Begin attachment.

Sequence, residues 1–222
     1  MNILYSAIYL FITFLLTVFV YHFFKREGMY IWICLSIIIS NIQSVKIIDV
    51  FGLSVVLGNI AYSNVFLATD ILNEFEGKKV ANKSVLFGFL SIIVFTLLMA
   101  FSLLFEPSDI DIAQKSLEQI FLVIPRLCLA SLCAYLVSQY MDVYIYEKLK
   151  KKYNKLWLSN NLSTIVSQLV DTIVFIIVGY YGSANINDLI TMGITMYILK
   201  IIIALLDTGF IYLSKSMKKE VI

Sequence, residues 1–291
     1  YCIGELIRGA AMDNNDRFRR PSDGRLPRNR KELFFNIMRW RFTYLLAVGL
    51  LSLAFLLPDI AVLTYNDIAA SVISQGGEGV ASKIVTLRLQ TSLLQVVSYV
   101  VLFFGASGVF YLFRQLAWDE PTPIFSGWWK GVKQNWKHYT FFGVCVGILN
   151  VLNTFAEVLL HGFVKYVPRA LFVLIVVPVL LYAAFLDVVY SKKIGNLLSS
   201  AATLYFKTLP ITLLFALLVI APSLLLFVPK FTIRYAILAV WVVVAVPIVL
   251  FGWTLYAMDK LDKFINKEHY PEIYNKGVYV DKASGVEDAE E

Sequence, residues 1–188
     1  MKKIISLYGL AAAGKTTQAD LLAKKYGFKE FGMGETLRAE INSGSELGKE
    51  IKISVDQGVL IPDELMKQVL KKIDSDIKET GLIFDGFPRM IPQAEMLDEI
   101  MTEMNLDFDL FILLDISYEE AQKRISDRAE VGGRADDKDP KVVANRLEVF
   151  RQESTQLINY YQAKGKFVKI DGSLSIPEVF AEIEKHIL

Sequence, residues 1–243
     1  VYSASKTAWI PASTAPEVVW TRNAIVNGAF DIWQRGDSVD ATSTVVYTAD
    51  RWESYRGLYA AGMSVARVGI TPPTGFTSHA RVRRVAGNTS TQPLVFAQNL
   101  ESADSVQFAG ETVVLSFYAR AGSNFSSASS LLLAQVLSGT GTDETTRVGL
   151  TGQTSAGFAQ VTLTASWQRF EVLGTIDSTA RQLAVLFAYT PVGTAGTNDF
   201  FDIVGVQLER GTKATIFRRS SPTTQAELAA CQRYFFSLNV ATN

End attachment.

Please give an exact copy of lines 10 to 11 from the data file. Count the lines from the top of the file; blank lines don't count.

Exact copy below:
   101  VLFFGASGVF YLFRQLAWDE PTPIFSGWWK GVKQNWKHYT FFGVCVGILN
   151  VLNTFAEVLL HGFVKYVPRA LFVLIVVPVL LYAAFLDVVY SKKIGNLLSS